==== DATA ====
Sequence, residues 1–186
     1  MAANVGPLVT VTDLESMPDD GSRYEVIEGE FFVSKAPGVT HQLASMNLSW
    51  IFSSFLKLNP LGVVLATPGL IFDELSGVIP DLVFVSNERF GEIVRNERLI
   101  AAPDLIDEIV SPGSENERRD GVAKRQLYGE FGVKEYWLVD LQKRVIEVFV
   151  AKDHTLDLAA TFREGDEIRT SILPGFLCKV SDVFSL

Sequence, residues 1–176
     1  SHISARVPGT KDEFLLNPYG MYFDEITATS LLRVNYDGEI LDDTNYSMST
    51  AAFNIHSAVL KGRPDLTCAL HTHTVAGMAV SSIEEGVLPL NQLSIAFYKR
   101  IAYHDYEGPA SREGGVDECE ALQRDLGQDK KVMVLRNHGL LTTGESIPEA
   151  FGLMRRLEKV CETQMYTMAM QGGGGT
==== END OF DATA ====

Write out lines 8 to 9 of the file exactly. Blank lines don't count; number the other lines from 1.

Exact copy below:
    51  AAFNIHSAVL KGRPDLTCAL HTHTVAGMAV SSIEEGVLPL NQLSIAFYKR
   101  IAYHDYEGPA SREGGVDECE ALQRDLGQDK KVMVLRNHGL LTTGESIPEA